Repealing the ACA: Potential Effects on Medicaid

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Medicaid Overview
Medicaid provides health insurance to more than 70 million Americans who fall within one of four main categories: infants and children; pregnant women, parents and other nonelderly adults; individuals of all ages with disabilities; and very low-income seniors.1 Prior to the passing of the Affordable Care Act, or ACA, in 2010, most low-income adults were not able to qualify for Medicaid because federal law excluded adults without dependent children from the program. Additionally, income eligibility for most parents was extremely limited in most states.2

States Choosing to Expand Medicaid
The ACA originally required states to expand their Medicaid programs or face the possibility of losing all federal funding for their Medicaid programs.3 However, in National Federation of Independent Business v. Sebelius, the Supreme Court ruled that this exceeded Congress’ power under the spending clause by failing to offer states a genuine choice of whether to accept federal funds to expand their Medicaid programs.4

Following the Supreme Court ruling, 31 states and the District of Columbia have adopted the Medicaid expansion.5 Seven states—Arizona, Arkansas, Iowa, Indiana, Michigan, Montana, and New Hampshire—have used  Section 1115 waivers to implement the ACA’s Medicaid expansion.6 Section 1115 waivers allow states to test new approaches in Medicaid that differ from federal program rules.7 However, states must maintain certain sections of the Medicaid program such as the federal matching payment system and requirements rooted in the Constitution such as the right to a fair hearing.8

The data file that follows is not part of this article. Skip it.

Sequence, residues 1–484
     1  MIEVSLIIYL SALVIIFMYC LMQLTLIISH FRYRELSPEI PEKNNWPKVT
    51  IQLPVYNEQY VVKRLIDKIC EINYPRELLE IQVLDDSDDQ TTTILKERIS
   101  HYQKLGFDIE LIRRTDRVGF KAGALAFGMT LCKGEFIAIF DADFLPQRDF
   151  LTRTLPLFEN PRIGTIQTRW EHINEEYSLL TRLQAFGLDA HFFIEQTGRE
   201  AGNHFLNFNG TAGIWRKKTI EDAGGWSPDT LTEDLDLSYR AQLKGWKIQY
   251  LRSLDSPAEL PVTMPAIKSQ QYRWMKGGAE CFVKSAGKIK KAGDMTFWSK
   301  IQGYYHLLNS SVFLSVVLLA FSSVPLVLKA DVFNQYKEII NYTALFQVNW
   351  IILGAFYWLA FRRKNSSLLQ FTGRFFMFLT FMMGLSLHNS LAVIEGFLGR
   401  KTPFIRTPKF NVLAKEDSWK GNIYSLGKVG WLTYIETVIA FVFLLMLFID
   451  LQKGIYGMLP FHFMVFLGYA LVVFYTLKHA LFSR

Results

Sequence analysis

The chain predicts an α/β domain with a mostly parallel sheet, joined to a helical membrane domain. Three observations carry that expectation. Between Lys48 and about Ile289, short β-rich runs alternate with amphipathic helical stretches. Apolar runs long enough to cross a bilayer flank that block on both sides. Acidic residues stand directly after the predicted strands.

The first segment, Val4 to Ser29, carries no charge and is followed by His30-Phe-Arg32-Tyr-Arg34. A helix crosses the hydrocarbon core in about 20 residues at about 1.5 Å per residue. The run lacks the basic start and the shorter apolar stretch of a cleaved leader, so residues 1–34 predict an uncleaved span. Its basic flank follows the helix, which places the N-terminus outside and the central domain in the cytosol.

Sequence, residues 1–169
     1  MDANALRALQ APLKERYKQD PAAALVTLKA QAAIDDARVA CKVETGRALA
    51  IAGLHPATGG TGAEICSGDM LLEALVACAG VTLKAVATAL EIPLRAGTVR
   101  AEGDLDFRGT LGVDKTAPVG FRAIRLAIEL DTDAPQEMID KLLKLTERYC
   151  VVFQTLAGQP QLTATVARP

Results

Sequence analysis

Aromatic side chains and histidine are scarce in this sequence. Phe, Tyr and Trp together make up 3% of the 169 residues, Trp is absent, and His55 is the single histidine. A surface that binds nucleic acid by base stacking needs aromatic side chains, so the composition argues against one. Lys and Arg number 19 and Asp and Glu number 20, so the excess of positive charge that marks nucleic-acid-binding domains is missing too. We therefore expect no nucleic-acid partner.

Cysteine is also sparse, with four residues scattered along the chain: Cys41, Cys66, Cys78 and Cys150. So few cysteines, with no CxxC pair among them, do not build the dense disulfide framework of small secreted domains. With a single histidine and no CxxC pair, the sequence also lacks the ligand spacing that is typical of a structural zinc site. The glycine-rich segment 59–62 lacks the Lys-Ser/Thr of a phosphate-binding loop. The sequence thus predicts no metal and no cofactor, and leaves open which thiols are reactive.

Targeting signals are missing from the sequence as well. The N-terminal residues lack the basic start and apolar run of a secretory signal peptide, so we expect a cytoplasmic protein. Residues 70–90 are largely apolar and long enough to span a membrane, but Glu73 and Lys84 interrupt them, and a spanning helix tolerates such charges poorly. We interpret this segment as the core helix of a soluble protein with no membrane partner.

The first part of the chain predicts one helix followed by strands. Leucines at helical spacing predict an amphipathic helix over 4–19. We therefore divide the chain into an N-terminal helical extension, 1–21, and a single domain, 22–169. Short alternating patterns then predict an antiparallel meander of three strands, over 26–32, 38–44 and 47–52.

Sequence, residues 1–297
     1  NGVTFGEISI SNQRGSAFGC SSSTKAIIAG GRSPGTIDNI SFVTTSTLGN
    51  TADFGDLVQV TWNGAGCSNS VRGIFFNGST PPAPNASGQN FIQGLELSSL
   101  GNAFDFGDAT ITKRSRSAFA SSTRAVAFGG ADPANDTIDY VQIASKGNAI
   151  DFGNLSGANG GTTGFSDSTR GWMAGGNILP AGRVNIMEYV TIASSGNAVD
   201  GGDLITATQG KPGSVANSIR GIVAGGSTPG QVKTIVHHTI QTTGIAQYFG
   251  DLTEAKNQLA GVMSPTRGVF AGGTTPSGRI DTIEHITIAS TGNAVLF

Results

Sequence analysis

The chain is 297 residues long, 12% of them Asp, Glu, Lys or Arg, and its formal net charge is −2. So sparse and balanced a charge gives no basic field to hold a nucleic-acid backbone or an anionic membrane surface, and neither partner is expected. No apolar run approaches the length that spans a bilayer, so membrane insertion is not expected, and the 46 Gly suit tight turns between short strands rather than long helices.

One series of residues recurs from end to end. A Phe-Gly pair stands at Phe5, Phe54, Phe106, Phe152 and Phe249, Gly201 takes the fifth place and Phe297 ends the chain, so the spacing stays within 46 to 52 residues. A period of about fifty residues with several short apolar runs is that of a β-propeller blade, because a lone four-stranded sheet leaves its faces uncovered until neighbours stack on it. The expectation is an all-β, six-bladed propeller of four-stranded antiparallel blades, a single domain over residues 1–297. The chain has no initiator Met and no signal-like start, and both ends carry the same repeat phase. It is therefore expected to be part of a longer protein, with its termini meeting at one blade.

The implementation of the Medicaid expansion through the ACA established coverage for low-income adults who were not previously eligible. Specifically, nonelderly adults with an income at or below 138 percent of the federal poverty level—about $16,394 for an individual in 2016—gained access to coverage.9 As a result, Medicaid coverage has grown by about 17 million people since December 2013, the last fiscal quarter before the expansion was implemented. As of November 2016, the uninsured rate had fallen to below 9 percent, the lowest uninsured rate in the nation’s history.10